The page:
Cal Newport, author of Deep Work and So Good They Can’t Ignore You, has written a must-read mini-series on digital minimalism on his blog, see 1 2 3 4.
I also advocate a more comprehensive information minimalist approach, which in essence consists in continuously assessing and selecting sources of information very carefully.
I do not read newspapers, nor magazines, believing that high-frequency news writing is bound to bring a lot of noise with the signal (see also Fooled by Randomness by Nassim Taleb, where he makes a similar point, especially with financial time-series, but not only).
The important news always reach me, one way or another, so it’s not so crucial to actively look for them, since by doing so, I might be exposed to too much noise, therefore wasting time, and precious attention (which, by the way, has been proved to be a very limited resource. See Thinking Fast and Slow by Daniel Kahneman. And think hard about how much effort is put in trying to grab Your attention.)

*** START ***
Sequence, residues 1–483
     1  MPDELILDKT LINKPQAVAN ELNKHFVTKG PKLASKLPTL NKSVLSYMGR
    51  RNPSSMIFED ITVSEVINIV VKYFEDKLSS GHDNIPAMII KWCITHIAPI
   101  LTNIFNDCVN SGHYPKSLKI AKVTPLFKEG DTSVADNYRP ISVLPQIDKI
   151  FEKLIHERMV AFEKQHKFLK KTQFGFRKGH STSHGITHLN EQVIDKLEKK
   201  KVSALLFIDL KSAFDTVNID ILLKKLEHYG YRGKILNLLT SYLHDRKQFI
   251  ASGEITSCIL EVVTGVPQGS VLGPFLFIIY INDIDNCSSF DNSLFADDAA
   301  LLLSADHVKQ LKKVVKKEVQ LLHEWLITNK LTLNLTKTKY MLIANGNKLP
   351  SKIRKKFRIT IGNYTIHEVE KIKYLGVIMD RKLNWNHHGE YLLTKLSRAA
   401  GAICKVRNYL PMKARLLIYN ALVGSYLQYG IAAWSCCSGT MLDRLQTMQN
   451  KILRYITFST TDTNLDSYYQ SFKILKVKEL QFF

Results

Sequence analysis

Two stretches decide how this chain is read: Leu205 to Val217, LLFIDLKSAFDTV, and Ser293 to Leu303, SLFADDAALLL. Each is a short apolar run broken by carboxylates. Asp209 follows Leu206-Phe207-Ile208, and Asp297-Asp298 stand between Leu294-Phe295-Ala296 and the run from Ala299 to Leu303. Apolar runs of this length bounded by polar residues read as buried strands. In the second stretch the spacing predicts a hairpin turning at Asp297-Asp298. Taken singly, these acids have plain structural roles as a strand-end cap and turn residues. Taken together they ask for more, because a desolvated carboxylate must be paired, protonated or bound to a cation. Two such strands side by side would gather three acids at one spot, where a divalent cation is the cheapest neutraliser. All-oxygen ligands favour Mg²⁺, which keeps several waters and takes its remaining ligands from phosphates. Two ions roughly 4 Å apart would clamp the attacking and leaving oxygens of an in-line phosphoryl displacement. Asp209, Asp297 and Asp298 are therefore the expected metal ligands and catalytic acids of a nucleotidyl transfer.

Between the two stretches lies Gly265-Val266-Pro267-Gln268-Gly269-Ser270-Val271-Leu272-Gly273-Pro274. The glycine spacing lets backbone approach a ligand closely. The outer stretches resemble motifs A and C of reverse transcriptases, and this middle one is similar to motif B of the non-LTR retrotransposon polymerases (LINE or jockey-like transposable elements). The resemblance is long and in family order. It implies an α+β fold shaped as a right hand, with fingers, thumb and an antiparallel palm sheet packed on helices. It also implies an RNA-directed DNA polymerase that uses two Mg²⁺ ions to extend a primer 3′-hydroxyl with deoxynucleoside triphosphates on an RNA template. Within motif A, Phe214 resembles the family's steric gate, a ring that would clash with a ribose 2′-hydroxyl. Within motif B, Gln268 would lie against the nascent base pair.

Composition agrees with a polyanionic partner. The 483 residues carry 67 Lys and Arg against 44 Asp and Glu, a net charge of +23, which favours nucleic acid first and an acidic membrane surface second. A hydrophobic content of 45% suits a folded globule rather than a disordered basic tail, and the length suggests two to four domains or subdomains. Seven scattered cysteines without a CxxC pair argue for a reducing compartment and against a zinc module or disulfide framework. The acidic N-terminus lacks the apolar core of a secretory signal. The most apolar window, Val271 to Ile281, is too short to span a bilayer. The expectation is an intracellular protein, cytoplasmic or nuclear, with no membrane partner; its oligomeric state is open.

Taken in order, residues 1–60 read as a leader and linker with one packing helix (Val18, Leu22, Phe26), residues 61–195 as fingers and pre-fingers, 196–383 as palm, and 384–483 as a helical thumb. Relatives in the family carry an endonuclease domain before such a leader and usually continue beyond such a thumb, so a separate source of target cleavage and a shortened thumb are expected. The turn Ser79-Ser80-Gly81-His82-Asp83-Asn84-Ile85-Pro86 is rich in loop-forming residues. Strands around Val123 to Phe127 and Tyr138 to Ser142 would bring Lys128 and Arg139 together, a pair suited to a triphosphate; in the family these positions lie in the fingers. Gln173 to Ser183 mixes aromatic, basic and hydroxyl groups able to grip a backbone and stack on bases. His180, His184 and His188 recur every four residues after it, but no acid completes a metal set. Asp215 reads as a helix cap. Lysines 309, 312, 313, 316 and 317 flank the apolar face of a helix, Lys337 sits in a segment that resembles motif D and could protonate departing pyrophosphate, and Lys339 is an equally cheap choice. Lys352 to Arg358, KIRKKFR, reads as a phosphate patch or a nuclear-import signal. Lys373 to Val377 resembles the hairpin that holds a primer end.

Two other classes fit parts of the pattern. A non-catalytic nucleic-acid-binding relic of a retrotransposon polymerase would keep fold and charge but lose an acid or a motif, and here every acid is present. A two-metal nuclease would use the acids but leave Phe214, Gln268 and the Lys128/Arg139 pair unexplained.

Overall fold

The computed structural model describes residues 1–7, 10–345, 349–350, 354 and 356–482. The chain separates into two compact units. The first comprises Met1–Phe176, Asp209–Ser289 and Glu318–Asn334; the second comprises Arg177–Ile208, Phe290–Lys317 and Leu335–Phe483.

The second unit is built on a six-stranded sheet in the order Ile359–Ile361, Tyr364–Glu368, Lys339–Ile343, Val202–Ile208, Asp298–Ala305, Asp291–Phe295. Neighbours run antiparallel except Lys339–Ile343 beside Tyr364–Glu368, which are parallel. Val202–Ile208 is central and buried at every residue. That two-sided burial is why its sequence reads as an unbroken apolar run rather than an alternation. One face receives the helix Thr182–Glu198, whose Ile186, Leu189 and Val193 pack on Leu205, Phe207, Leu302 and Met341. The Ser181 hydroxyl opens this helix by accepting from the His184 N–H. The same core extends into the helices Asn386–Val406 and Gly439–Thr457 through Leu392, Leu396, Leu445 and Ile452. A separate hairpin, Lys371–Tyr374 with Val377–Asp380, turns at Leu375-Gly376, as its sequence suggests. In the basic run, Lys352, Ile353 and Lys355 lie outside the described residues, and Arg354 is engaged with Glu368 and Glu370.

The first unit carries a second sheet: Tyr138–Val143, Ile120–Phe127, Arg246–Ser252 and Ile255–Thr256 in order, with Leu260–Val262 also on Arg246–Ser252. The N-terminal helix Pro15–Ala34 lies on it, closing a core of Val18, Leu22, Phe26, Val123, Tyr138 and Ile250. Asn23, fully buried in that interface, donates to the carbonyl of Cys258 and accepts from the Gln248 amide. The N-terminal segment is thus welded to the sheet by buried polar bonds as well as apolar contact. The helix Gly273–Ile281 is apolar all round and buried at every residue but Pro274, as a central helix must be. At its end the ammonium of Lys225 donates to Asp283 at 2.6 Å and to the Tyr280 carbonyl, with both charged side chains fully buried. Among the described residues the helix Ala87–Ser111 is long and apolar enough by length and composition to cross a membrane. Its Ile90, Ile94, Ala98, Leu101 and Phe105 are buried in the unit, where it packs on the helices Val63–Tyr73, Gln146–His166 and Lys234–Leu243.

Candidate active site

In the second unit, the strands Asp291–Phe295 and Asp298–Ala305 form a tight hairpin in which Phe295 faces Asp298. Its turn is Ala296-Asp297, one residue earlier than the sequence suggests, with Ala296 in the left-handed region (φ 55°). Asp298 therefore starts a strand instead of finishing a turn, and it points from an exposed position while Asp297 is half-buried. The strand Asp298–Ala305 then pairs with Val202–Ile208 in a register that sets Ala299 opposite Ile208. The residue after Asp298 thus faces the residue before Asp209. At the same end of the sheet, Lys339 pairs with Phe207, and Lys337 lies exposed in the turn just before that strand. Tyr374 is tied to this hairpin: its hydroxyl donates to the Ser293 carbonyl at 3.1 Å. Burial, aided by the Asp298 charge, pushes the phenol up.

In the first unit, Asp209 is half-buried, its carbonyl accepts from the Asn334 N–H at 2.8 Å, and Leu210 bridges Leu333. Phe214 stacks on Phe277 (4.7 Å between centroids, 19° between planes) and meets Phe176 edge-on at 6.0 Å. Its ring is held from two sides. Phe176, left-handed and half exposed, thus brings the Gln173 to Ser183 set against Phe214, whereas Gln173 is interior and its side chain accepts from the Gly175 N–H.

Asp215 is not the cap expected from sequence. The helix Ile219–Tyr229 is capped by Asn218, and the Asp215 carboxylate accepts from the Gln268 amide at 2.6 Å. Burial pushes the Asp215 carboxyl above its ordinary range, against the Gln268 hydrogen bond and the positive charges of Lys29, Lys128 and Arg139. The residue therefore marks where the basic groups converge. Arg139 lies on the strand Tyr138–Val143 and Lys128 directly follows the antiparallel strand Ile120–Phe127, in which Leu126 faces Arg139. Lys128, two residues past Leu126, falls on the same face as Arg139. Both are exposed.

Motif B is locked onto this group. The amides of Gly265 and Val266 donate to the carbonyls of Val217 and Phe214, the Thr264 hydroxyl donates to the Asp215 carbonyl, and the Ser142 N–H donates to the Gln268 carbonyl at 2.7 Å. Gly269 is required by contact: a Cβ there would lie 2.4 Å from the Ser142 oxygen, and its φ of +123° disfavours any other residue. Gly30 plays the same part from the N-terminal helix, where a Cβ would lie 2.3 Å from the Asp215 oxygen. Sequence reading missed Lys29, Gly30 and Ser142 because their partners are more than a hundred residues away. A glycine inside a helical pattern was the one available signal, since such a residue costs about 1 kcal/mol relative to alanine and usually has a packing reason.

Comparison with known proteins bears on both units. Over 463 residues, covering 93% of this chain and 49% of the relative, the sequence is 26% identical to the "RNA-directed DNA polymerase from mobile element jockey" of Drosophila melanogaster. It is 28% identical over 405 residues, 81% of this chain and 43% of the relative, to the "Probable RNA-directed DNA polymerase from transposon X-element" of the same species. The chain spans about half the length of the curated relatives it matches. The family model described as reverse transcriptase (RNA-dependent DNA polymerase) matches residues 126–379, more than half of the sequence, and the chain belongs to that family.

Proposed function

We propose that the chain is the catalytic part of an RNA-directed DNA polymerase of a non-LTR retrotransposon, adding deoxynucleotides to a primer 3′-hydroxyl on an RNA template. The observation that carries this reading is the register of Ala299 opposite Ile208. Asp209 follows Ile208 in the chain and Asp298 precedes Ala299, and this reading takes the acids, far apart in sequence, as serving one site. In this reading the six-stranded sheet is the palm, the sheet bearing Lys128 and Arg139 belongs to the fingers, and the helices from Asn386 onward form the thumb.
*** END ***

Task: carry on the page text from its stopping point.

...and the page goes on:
Regarding the digital world, I follow few blogs, which I read via Feedly.
From time to time, if I see that I spend more time discarding posts than actually reading them, I prune a source or two. If a blog I really like often links to another blog or source, I might add it to my feeds.
I use Whatsapp and Facebook’s Messenger to keep in touch with friends, and I am very happy I can access the latter from a browser without having to go through the main website. The few times I do, I feel like drowning.
No Twitter either. I had tried few years back, but tweets are too superficial and noisy. I gave up and don’t miss it. Same story with Instagram.
In order to avoid unwanted, and very disruptive, interruptions, I turned off all notifications from my smartphone. If you want to contact me immediately, you truly have to call me (or walk to my desk, if you happen to be a colleague).
Indeed, the cost of even a very brief cognitive switch can be up to 20 minutes of lost concentration [1,2]
Furthermore, I use a 5-year old smartphone, that by the golden rule of planned obsolescence, is getting slower day after day. Its slowness helps me be even more selective of when using it and what I do with it.
That leaves me with ample time to read proper books, mostly non-fiction.
Given this selective approach, I manage to read 15 to 20 books per year, with high satisfaction and retention. Check out my 2016 list.
What is your strategy to keep your attention under control?